Review: Pharoah Sanders in Glasgow




Despite a 25-minute solo, throaty multiphonics and shrieking falsettos, Fred Grand senses a whiff of classicism in the performance of the one-time enfant terrible of ’New Thing’

Pharoah SandersJumping straight into an uptempo modal burner, Sanders soloed for almost 25 minutes before handing over the reins to Henderson. Edging forwards with a cumulatively building intensity, he went through his entire repertoire of gravelly overtones, throaty multiphonics and shrieking falsettos. Yet unlike those wild free-for-alls with Coltrane, this was a tightly-drawn affair with clear and obvious boundaries - I'd even go as far as to suggest that there was a whiff of classicism in the air.

The organisers of the 26th Glasgow International Jazz Festival could hardly have wished for a better curtain-raiser than Wednesday evening's love-in with Pharoah Sanders. He was once the enfant terrible of "New Thing", but time has softened his approach and he now embraces the very same largely modal post-bop agenda that he once so controversially helped an increasingly restless John Coltrane to reject. Almost as much as McCoy Tyner he is now the living embodiment of Trane's enduring legacy, a legacy which almost five decades later remains the dominant influence on jazz.

Situated in the heart of Glasgow's historic Merchant City, the Old Fruitmarket must be one of the UK's most distinctive festival venues. A cavernous space, it oozes period charm and is miraculously blessed with superb acoustics. Bedecked with fairy lights, it bore an uncanny resemblance to a fairground big-top as the white-haired and increasingly frail septuagenarian entered the stage. I saw Sanders in this very same hall around a decade ago and remember being somewhat shocked by a clean-shaven new image. The dark shades and brilliant white Miami Vice-style suit had seemed a slightly incongruous mode of attire for one of jazz's most openly spiritual mystics, but this time the square-cut beard was back and his garb was far more in keeping with expectations.

Appearing on a short UK tour that will also take him to Ronnie Scott's, Sanders was joined by long-term collaborator William Henderson (piano) and local talent Oli Hayhurst (bass) and Gene Calderazzo (drums). Right from the off the group performed like a well-oiled machine, and this was the same polished Sanders who had turned out a string of almost mainstream sessions for Theresa/Timeless during the 80s and 90s. Jumping straight into an uptempo modal burner, Sanders soloed for almost 25 minutes before handing over the reins to Henderson. Edging forwards with a cumulatively building intensity, he went through his entire repertoire of gravelly overtones, throaty multiphonics and shrieking falsettos. Yet unlike those wild free-for-alls with Coltrane, this was a tightly-drawn affair with clear and obvious boundaries - I'd even go as far as to suggest that there was a whiff of classicism in the air.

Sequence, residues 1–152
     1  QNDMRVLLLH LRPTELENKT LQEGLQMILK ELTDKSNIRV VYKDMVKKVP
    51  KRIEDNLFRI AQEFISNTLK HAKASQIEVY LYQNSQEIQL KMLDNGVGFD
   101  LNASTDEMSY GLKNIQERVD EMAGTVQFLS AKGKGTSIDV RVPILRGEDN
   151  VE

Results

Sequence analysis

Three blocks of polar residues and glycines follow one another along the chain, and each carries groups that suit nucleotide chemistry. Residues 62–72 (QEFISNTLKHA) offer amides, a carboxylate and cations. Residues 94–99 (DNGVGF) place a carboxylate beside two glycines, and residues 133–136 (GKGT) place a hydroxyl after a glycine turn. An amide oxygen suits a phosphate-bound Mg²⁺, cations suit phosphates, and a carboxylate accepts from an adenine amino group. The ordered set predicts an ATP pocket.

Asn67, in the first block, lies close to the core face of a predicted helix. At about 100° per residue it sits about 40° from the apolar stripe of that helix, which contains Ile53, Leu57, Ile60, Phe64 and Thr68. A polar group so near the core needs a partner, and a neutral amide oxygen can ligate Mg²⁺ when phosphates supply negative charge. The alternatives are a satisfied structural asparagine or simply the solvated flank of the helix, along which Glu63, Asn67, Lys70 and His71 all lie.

Sliding smoothly into Coltrane's After The Rain, the first of several gorgeous ballads, Sanders showed considerable poise and technique. Whilst New Thing contemporaries including Archie Shepp have beaten a similar path towards the mainstream over recent years, Sanders has taken the trouble to refine his technique and is all the more satisfying for that. His sheets of sound are now firmly under control, and a deep harmonic palette ensures that even where solos may occasionally suffer from a low turnover of ideas, he always sounds authoritative. Origin, another strident, uptempo crowd pleaser, was dispatched with a driven urgency that once again allowed Sanders to run through his full repertoire. But it was the darkly lyrical grooves of Nozipho, from the Bill Laswell produced Message From Home (Verve, 1996), which provided the evening's real highlight. Henderson really dug in, delivering his most creative and forthright solo of the night, and if Sanders' slightly tentative and impromptu jig was any reliable indicator, he was certainly feeling the spirit. Illustrating just how effective Sanders' move from blow-torch to slow-burn has been, it lifted the proverbial hairs of the nape.

Once upon a time the audience participation during The Creator Has A Master Plan and Highlife would have been unthinkable, but Sanders is now a very different type of artist to the firebrand of yore. It is a sad-but-true fact that an increasingly small group of players of his standing are left performing today. Witnessing him in full-cry can feel like an enactment of history, and when the lights finally do go out on his colourful career he will have thoroughly earned his place in the sun.


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